Vision 2020 - Eye health equity for Aotearoa/New Zealand

Vision problems are a significant public health issue in Aotearoa/New Zealand, compromising children's academic, sporting and relational achievements. There is no mandatory vision screening for New Zealand tamariki and a vision technician visits Year 7 children on one day a year to test vision for those who happen to be present that day. This is widely problematic due to lack of follow up on any identified vision issues and no screening for tamariki who are absent from school.


In 2018 two occupational therapy students (Aleisha McMurray and Tahlia Hapuku) came up with an assessment idea of child-to-child vision screen, drawing on OT concepts of person-centred practice and empowerment. They discovered both a gap in terms of parents taking their tamariki to an optometrist as well as a specific stigma around the child wearing their glasses. A multi-disciplinary team of optometrists, product designers, teachers and occupational therapists developed a child-friendly vision screening kit which addressed these gaps at a community level. The kit iterated over several months acted as an ongoing object of change which continued the conversation around issues of vision at a young age. “The prototype in this project was incredibly effective as an object that helped to refine and clarify the values underpinning the project” (Nimmi et al., 2019).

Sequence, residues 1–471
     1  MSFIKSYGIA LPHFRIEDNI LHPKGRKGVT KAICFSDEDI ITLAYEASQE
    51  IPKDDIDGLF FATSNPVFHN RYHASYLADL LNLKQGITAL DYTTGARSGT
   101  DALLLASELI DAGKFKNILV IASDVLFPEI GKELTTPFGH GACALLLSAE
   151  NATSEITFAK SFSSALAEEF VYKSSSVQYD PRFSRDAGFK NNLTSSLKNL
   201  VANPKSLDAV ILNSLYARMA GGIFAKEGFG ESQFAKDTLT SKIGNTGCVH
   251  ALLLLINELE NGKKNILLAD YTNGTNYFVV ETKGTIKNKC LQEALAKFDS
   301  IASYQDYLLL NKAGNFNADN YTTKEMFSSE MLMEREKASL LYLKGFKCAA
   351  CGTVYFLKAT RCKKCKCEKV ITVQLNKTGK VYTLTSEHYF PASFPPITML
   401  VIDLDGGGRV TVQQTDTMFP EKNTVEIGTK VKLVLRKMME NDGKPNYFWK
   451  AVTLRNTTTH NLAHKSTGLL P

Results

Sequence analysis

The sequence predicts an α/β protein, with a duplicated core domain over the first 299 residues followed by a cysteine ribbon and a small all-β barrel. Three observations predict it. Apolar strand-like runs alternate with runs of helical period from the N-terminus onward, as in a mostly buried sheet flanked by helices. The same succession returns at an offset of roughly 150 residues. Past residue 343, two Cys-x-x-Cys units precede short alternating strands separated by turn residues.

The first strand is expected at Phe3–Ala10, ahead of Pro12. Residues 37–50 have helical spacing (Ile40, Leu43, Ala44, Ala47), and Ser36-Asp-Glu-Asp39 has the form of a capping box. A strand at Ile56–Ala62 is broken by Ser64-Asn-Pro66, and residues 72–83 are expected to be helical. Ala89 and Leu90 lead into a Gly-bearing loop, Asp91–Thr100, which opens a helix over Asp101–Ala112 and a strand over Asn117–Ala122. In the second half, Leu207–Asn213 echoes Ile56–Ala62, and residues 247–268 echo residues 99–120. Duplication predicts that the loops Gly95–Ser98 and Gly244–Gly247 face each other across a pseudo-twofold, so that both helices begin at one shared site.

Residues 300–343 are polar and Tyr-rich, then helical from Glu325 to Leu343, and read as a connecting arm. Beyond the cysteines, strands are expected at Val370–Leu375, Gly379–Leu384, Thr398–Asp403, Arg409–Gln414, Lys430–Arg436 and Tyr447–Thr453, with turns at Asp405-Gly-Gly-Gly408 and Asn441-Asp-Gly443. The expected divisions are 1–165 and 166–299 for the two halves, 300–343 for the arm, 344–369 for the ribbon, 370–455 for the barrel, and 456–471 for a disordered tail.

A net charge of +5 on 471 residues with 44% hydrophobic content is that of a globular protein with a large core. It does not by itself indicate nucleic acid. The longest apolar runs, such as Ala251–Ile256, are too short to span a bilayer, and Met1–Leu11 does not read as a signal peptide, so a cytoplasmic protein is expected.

This research highlighted both the importance of this underfunded and ‘un-seen’ issue of vision impairment in Aotearoa as well as the importance of a co-design process which ensured that expertise was applied at every level of the project.


For more information contact Machiko Nimmi

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